Refugees from the north arrive at the Imbaidou refugee camp near Ayorou,… (Issouf Sanogo/AFP/Getty…)
A vast new sanctuary is emerging for al-Qaeda’s African followers in the desert wastelands of northern Mali, where Tuareg secessionists, allied with extremist Muslim guerrillas, have shaken off government rule and declared an independent Islamist state.
The haven taking shape in West Africa — more than 250,000 square miles, including the legendary city of Timbuktu — risks turning into an outland much like the remote areas of Afghanistan, Pakistan, Somalia and Yemen where terrorists linked to al-Qaeda seek safety from U.S. and other efforts to hunt them down, according to European diplomats, academic experts and reports from the region.
The self-proclaimed Islamic state in northern Mali provides for the first time a territorial base for al-Qaeda in the Islamic Maghreb (AQIM), the northern Africa offshoot of the terrorist group founded by Osama bin Laden, said a senior European diplomat, who discussed the situation on the condition of anonymity. “Every week that goes by is important because it gives AQIM more time to implant itself,” he said.
In addition, the would-be Islamist state is home to a Tuareg guerrilla unit allied with AQIM that has an unknown number of shoulder-fired ground-to-air missiles and other weapons brought in from Libya during the fall of Moammar Gaddafi. The possibility of AQIM getting access to the Russian-made missiles has raised fears of terrorist attacks on French and other civilian airliners that regularly fly over the region, which lies just south of Algeria and borders Mauritania on the west and Niger on the east.
Last month, the rebels claimed to have shot down a U.S. Predator drone with one of the missiles in Malian territory just south of the Algerian border. But Nicole Dalrymple, a spokeswoman for the U.S. Army’s Africa Command, denied that any American aircraft have been lost in the region.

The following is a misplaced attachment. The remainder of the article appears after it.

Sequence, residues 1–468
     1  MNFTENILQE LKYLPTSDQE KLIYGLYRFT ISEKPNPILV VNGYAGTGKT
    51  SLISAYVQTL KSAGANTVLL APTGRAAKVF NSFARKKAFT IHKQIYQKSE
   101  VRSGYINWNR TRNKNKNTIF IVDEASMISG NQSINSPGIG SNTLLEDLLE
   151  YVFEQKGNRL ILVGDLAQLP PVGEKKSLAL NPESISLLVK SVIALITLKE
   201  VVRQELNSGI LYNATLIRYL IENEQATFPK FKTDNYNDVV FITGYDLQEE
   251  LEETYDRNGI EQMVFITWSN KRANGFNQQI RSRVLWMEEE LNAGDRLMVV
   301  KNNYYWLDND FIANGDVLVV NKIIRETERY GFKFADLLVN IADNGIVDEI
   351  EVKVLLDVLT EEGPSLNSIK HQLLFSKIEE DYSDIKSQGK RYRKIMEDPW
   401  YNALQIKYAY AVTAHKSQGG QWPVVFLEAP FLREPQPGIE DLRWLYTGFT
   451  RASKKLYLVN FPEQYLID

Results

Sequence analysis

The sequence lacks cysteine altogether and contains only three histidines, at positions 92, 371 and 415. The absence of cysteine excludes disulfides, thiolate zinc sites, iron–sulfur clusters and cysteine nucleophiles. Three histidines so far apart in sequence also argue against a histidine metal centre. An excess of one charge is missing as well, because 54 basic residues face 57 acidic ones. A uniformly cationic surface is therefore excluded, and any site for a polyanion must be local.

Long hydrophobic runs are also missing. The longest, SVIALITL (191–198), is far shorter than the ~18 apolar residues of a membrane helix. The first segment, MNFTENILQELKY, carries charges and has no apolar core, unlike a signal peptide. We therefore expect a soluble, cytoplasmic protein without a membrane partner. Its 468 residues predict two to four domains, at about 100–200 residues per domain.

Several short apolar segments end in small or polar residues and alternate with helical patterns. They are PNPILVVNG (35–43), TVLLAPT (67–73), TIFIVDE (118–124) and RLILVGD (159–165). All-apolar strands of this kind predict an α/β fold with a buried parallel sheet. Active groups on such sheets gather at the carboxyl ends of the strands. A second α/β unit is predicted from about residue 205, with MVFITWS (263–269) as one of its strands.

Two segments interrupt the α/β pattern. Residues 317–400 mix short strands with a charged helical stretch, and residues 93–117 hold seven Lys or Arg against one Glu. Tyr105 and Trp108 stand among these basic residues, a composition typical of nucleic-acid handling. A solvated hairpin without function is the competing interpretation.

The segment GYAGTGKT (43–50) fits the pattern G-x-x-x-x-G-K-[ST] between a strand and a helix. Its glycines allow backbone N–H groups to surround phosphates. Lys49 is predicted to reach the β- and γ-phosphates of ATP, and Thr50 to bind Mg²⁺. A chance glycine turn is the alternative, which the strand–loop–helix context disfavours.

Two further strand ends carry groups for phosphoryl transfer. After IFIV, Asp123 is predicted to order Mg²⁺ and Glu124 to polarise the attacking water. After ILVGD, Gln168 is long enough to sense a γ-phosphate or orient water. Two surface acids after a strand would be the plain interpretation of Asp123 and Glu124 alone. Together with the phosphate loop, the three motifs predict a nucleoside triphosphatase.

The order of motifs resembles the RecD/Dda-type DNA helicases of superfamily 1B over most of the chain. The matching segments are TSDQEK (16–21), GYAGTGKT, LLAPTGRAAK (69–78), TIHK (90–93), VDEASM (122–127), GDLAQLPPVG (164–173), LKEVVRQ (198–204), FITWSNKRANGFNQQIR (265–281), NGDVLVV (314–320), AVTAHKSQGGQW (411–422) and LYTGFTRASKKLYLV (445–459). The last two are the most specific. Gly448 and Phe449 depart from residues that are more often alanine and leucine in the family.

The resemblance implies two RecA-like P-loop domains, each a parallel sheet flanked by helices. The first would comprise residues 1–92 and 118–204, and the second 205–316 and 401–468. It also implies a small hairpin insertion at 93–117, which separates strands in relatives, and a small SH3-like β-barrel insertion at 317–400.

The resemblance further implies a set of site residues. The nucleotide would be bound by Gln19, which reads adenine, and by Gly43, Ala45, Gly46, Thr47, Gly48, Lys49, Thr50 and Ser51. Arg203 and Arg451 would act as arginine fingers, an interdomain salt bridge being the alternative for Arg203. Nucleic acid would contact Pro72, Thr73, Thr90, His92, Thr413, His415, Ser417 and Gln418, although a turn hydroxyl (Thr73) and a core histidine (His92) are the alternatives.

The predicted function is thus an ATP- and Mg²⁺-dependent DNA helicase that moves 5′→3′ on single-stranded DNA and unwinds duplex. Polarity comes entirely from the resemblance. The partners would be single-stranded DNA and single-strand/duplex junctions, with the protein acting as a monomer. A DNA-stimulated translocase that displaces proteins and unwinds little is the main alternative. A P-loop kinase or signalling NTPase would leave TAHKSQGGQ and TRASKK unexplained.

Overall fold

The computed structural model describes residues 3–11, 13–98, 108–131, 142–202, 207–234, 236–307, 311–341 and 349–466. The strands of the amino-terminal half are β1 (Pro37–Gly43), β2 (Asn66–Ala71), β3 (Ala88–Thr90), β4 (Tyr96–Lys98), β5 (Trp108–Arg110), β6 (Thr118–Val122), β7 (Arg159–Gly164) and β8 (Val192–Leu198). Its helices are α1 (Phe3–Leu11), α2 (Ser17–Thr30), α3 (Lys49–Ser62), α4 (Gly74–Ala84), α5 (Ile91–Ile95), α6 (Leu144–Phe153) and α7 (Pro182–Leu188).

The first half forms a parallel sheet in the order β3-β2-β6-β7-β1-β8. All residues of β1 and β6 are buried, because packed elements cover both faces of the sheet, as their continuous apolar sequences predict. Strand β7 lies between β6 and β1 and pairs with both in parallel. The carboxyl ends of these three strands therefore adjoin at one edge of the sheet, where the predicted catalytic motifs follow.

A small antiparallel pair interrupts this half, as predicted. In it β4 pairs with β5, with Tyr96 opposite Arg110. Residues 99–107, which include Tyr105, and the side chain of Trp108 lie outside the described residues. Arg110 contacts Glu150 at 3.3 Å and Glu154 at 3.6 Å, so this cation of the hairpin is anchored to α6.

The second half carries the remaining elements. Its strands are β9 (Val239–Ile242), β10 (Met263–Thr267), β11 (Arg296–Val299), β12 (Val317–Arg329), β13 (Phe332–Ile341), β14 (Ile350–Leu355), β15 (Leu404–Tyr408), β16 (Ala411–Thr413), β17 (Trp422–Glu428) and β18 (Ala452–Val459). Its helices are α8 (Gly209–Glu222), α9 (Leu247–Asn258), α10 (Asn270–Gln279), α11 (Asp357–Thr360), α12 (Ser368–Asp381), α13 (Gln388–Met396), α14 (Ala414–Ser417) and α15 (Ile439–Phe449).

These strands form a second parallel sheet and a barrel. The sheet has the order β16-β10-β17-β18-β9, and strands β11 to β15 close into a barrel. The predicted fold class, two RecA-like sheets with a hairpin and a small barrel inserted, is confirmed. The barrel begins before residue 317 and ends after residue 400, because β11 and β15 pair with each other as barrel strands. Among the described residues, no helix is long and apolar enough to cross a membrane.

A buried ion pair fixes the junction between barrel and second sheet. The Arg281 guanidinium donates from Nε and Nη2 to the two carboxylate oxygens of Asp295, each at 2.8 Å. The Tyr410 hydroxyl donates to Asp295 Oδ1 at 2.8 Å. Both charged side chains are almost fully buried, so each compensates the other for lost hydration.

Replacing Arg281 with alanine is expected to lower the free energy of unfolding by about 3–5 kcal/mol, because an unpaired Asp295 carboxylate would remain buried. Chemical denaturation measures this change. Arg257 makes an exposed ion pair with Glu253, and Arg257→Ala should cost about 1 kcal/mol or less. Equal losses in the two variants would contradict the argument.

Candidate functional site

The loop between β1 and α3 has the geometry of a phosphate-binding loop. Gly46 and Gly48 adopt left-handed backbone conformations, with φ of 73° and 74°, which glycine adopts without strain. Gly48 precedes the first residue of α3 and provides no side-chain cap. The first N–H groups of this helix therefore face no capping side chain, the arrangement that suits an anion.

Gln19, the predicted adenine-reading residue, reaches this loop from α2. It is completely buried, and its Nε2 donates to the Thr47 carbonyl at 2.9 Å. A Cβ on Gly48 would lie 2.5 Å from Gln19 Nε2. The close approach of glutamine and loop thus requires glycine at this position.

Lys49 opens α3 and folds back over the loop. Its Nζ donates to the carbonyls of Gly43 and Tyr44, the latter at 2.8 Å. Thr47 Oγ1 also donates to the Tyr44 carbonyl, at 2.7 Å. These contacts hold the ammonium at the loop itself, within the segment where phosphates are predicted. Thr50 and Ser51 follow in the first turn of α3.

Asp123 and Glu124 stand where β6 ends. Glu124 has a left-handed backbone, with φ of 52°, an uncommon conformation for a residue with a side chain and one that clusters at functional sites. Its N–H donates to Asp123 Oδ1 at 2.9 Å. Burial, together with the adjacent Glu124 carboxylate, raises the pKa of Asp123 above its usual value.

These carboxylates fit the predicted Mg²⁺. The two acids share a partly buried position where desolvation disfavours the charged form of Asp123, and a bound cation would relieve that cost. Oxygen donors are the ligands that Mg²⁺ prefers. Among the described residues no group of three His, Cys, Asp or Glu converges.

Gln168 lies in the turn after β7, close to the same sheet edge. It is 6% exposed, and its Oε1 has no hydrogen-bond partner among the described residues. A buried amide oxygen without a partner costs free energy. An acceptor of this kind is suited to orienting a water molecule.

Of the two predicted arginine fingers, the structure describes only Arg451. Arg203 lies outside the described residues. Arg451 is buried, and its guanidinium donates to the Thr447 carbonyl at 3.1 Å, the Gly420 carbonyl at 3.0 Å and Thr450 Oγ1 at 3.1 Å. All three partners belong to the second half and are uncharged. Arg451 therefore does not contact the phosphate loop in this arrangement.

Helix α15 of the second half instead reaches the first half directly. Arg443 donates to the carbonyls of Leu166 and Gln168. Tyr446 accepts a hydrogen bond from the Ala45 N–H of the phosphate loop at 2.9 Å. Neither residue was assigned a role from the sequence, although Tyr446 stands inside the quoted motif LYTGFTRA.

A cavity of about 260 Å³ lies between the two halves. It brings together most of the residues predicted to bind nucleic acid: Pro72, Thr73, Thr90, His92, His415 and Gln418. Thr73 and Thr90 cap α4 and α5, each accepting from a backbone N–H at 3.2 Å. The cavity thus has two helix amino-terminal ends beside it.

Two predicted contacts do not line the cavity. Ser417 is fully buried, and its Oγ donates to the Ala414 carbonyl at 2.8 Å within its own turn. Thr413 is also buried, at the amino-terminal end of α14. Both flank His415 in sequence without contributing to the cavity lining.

The Tuareg tribes of northern Mali, ethnically different from black Africans, have long sought independence, or at least autonomy, from the black-dominated government in Bamako, the capital far to the south. Popular support for the independence movement has swelled, particularly in the past few years. It got a decisive boost with Gaddafi’s fall in Libya, when Col. Mohammed Ag Najim returned to Mali after years leading a Tuareg regiment that had been paid by Gaddafi to act as a wing of the Libyan army.
The independence movement got a further break when the Malian military fell into disarray in March after a bungled coup in Bamako, led by Capt. Amadou Haya Sanogo, that left the country leaderless. Without real opposition, Najim’s secessionist forces, baptized the Azawad National Liberation Movement, or MNLA per its French initials, took over northern Mali in cooperation with several allied guerrilla forces.
On April 6, they declared independence for the “Islamic State of Azawad,” using the Tuareg name for the region. The declaration was not recognized by Bamako, Algeria, the Economic Community of West African States or any Western government, including the United States. But no nation has done anything to help Bamako restore government authority, and the Malian military remains divided by coup-related politics.
The U.S. military had been training the Malian army in counterterrorism tactics against AQIM, but the program was suspended after the coup. Some U.S. military personnel remained in Bamako, however, and three were killed April 20 in a car accident, according to the Africa Command headquarters in Stuttgart, Germany.
Split power, common enemy
In the northern secession, Najim’s main Tuareg ally was Iyad Ag Ghali and his Ansar al-Din al-Salafiya, or Salafist Warriors of Religion, an Islamist guerrilla unit supported with money and weapons by AQIM. As a result, when the dust settled, authority in northern Mali was divided among Najim, a secular independence advocate; Ghali, a strict Islamist who is close to AQIM; and the three main branches of AQIM that have long roamed in the far-northern border regions near Algeria.
“They don’t have much in common, but they had the same enemy: the Malian army,” said Mathieu Guidere, a specialist in Islamist and terrorist issues based at the University of Toulouse.
“Now,” he said, “northern Mali, which is bigger than all of France, is totally outside government control.”
Dramatizing the victory, the usually furtive Abu Zeid, an Algerian who heads the most active of the three AQIM branches, allowed himself to be filmed recently moving freely in Timbuktu with several of his warriors, who usually spend their time in carefully hidden campsites on the Algerian border.
In the weeks since then, Ghali has imposed predominance over Najim, who diplomats said ran out of money and lost followers from the ranks.